- If the work violates trademark or intellectual property rights, the content will be immediately quarantined and the author will be notified of the steps required for reinstatement.
My book is no longer listed under My Projects. What happened?
If your book is in violation of the Lulu Membership Agreement or is reported as infringing on the copyrights of another author, the project will be placed into quarantine resulting in the removal of the project from your project list and the suspension of all sales.
The publishing author will receive an email from Lulu explaining the action. In the case of a copyright infringement, the email will include a copy of the originally submitted DMCA Notice of copyright infringement.
Note: In cases of flagrant fraud or plagiarism, the content will be immediately removed from the Lulu.com site with no recourse for its reinstatement.
How are authors notified when their content is quarantined?
The Questionable Content team reviews all reports of copyright or membership agreement violations. If your work is quarantined, an email notification will be sent to the email address associated with your Lulu account.
For reports of copyright infringement, the email will include a copy of the original DMCA Notice reporting the violation, as well as a DMCA Counter-Notification form. The author must complete and return the counter-notification asserting they do, in fact, own the copyright or have permission to use the reported content before their work can be removed from quarantine and reinstated.
I did not receive an email from Lulu. What do I do now?
Upon receipt of a valid DMCA Notice of copyright infringement, Lulu will quarantine your project and send an email to the address associated with your Lulu account.
It is possible that your email’s filtering system diverted the notification into your spam folder. If this occurred, please mark the email as “not spam” so that we can continue communicating with you about the steps required to assert your ownership of the copyright and remove your book from quarantine.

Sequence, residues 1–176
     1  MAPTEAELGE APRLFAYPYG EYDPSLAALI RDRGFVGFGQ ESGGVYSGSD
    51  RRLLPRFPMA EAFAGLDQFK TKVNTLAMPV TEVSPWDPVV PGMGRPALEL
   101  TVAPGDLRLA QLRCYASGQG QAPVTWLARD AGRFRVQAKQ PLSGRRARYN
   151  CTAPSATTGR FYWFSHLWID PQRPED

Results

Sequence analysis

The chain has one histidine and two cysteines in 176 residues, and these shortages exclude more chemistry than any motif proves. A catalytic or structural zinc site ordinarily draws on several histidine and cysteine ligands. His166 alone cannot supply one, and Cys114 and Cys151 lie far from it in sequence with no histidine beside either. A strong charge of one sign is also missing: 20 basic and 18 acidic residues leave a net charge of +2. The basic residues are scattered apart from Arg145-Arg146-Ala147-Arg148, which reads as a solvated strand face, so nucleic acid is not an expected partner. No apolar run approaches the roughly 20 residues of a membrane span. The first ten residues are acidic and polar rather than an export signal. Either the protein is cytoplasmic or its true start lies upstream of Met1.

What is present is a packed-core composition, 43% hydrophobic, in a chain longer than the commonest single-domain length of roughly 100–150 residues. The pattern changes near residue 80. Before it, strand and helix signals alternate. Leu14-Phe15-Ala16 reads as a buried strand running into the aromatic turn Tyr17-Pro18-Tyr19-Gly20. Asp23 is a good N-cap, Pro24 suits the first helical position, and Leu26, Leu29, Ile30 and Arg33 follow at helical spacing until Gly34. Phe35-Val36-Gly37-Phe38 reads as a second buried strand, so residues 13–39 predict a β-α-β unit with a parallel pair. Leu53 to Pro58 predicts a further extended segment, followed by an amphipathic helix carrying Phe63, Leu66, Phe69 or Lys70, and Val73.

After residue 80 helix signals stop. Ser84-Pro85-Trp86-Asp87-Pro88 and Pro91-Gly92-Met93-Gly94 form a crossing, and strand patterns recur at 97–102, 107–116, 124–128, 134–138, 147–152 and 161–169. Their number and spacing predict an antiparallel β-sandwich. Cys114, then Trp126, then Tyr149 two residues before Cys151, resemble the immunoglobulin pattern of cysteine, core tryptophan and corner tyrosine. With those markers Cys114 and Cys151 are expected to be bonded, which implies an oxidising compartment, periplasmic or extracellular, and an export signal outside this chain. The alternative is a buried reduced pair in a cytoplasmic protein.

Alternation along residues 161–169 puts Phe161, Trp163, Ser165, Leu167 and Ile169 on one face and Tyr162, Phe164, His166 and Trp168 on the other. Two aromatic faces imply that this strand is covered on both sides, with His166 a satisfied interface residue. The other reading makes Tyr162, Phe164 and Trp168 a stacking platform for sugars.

But, I own the copyright for this work. What do I do now?
Under DMCA regulations, authors can contest a copyright infringement claim by completing a DMCA Counter-Notification form, which will be attached to the initial quarantine notice. The form includes instructions for completion. On it you can assert, under penalty of perjury, that you either own the copyright to the reported work or you have permission to use the reported content.
Lulu will forward the completed Counter-Notification form to the original claimant, who will then have 10 business days to respond as to their intent. If there is no response from the claimant after 10 business days, Lulu will reinstate the quarantined work.
Please Note: The original claimant will be alerted of your counter-notification and can, at their discretion, initiate legal action against you. By asserting your ownership of a copyright, you agree to defend yourself against any formal charges brought by another party. Copyright disputes are adjudicated in US Federal Court.
What about my First Amendment Rights?
You are always free to express yourself. The First Amendment to the United States Constitution guarantees that the government will not restrict its citizens’ freedom of expression.
As a business, however, Lulu has the obligation and the right to accept or reject any content that is not in compliance with our published Membership Agreement or fails to comply with current copyright law.